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This week, two Sydney-based troupes will take the stage at the National Centre for the Performing Arts’ (NCPA’s) Jamshed Bhabha Theatre with a piece intriguingly titled Chi Udaka. In Japanese, chi means earth, which will be embodied by the explosive power of taiko (or Japanese drums) drumming by the sinewy percussion ensemble of the Taikoz group. Similarly, in Sanskrit, udaka is water and appropriately, dancers from the Lingalayam group will present a fluid and flowing evocation of a synthesis of Bharatanatyam and Kuchipudi—classical Indian dance forms Lingalayam has been popularizing in Australia for almost three decades. In turn, Taikoz have considerably raised the profile of taiko down under since 1997, developing a strong fan base that patronizes its performances at some of the finest concert halls in Australia, and across the world.

Working in tandem, the two groups created the piece in 2014, making quite a splash at the Sydney Festival that year. Besides the dancers and drummers, there are other players of no mean pedigree in the mix, like singer Aruna Parthiban, cellist John Napier, percussionist Ian Cleworth, and Riley Lee, who plays the shakuhachi, a Japanese bamboo flute. More than a run-of-the-mill fusion piece, Chi Udaka represents a special kind of cross-cultural collaboration. The performers play off each together in a manner that could be termed, in local parlance, a jugalbandi of two artistic traditions, of music and dance, and of the elemental cadences innate to earth and water. According to Anandavalli, the artistic director of Lingalayam Dance Company, the piece has created “lines and shapes movement vocabulary that synthesize to form music in dance or dance in music." Her graceful all-women troupe stands in some contrast to Taikoz’s robust war-like performers with their oversized drums, yet this is a piece that has been singled out for praise especially because of the exhilarating synergy on display between such disparate forms.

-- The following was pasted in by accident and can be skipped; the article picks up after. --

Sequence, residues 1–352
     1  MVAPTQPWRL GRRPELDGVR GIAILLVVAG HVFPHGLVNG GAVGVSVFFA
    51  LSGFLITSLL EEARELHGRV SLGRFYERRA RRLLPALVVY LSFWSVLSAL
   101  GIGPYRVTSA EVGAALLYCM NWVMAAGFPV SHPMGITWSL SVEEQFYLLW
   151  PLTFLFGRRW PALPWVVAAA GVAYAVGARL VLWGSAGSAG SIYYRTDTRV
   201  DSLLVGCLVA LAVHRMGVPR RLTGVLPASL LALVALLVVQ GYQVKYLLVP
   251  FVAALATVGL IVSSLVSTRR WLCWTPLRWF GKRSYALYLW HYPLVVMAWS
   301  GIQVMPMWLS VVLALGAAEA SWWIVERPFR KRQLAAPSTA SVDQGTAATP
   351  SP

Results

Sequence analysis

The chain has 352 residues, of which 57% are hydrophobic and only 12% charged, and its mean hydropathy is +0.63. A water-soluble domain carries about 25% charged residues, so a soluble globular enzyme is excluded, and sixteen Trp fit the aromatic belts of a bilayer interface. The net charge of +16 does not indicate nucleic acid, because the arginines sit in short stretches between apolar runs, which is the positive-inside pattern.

In India, Chi Udaka is being showcased as part of the Hindu November Fest. Before it arrives in Mumbai, it will have played at Visakhapatnam, Hyderabad and Chennai, although the opening performance at Bengaluru’s Chowdiah Memorial Hall had to be cancelled inadvertently. One of the city’s primary proscenium venues, the Jamshed Bhabha Theatre, lends itself wonderfully to cross-genre pieces, as we saw during The Park’s New Festival last year, with the evocative Torabaka, in which Kathak exponent Akram Khan and flamenco dancer Israel Galván negotiated a common turf in contrasting ways. Similarly, with its vibrant and celebratory set-pieces, Chi Udaka is quite likely to prove an excellent evening out for Mumbai audiences of all ages.

Chi Udaka, on 29 November at 7.30pm, Jamshed Bhabha Theatre, NCPA, Mumbai. Tickets, Rs400-2,000, available at

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